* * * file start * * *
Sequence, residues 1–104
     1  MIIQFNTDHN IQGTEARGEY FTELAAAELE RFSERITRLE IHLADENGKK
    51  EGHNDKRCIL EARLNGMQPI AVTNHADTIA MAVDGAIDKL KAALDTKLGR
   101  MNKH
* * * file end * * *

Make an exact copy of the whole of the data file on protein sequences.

Sequence, residues 1–104
     1  MIIQFNTDHN IQGTEARGEY FTELAAAELE RFSERITRLE IHLADENGKK
    51  EGHNDKRCIL EARLNGMQPI AVTNHADTIA MAVDGAIDKL KAALDTKLGR
   101  MNKH